Chapter 25 of 30 from Shonda Rhimes

Working in a Writers’ Room


Shonda discusses what she looks for in writers when staffing her shows and how her own writers' rooms are structured.

Topics include: What to Do • How to Prepare • Episode Drafts • Fellow Writers • Culture

Shonda discusses what she looks for in writers when staffing her shows and how her own writers' rooms are structured.

Topics include: What to Do • How to Prepare • Episode Drafts • Fellow Writers • Culture

Shonda Rhimes

Shonda Rhimes Teaches Writing for Television

In 6+ hours of video lessons, Shonda teaches you her playbook for writing and creating hit television.

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Make Great Television

When Shonda Rhimes pitched Grey’s Anatomy she got so nervous she had to start over. Twice. Since then, she has created and produced TV’s biggest hits. In her class, Shonda teaches you how to create compelling characters, write a pilot, pitch your idea, and stand out in the writers’ room. You’ll also get original pilot scripts, pitch notes, and series bibles from her shows. Welcome to Shondaland.

Watch, listen, and learn as Shonda teaches you how to write, pitch, and create a hit TV show.

A downloadable workbook accompanies the class with lesson recaps and supplemental materials.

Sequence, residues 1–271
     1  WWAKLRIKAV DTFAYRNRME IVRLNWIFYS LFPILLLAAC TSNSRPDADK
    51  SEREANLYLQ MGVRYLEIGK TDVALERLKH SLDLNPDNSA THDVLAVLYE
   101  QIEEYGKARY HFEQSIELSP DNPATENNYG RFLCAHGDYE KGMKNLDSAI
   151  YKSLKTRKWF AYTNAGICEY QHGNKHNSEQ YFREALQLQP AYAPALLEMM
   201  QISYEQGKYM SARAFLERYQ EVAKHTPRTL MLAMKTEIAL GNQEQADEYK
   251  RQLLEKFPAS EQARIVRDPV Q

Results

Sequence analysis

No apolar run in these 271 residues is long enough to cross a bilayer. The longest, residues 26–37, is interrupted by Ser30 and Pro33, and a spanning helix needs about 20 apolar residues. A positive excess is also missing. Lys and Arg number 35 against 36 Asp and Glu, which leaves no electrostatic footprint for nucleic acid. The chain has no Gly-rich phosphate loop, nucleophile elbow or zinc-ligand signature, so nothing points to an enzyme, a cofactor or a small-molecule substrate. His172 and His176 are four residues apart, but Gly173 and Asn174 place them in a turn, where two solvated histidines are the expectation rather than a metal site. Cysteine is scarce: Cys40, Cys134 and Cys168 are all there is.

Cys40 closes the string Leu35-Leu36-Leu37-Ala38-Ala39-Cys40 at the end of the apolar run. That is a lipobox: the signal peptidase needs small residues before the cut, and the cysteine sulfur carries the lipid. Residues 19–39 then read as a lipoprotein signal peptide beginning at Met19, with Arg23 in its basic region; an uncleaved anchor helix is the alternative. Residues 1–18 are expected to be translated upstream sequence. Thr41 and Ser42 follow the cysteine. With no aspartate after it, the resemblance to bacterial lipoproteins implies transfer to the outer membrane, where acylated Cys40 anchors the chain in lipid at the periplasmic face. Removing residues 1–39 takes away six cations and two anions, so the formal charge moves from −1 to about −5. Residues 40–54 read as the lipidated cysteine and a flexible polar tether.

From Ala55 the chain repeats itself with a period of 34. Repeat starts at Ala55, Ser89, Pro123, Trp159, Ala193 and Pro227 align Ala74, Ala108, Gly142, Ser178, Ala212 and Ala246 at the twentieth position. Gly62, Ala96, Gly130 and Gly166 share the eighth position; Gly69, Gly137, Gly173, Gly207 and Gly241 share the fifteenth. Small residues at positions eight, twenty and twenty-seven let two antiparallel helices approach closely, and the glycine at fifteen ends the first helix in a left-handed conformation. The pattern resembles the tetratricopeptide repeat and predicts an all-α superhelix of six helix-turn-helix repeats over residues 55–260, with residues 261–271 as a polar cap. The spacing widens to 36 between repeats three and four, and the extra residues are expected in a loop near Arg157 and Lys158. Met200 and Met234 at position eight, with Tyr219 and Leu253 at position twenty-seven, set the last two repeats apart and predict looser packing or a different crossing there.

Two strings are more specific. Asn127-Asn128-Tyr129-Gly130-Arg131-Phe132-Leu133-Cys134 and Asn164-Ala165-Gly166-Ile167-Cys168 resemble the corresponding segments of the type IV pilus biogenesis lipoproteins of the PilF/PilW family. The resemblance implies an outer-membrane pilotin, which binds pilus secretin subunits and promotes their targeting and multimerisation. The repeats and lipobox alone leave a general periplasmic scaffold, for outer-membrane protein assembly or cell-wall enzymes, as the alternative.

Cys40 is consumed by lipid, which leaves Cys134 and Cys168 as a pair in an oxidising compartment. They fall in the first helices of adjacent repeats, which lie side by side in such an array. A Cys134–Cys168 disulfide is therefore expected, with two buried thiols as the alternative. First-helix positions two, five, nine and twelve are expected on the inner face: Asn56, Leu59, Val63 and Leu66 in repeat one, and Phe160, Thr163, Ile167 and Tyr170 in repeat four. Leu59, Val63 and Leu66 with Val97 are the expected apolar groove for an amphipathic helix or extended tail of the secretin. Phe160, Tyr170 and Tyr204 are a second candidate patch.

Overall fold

Upload videos to get feedback from the class. Shonda will also respond to select student questions.


Students give MasterClass an average rating of 4.7 out of 5 stars.

Amazing! She is a great instructor. Inspiring.

It was an amazing masterclass. I loved Shonda's clear communication style and learnt a lot about writing for TV. A fantastic experience!

Rhimes' class is so jam packed with valuable information from start to finish. A must for any beginning TV writers.

Love it! Its very useful and fun! Great help!


Donna S.

I loved this lesson. I love how she describes the culture of the writers' room, One room has a lot of activity going on, such a people walking on a treadmill, working on arts and crafts projects and so on and that the culture of the other room is very different. It's more quiet, lots of eating going on, etc. I personally would rather be in the one with the activity and would especially love to be able to walk on a treadmill during the day! I never had a job where someone gave you a head's up about the work culture. After being offered the job and accepting it, I always got the basics, here's your desk, here's the kitchen/break room, etc, but I was never was informed of the culture such as "we all eat lunch together," or whatever. But, I always found out the hard way what it was like for employees to stray away from the established culture.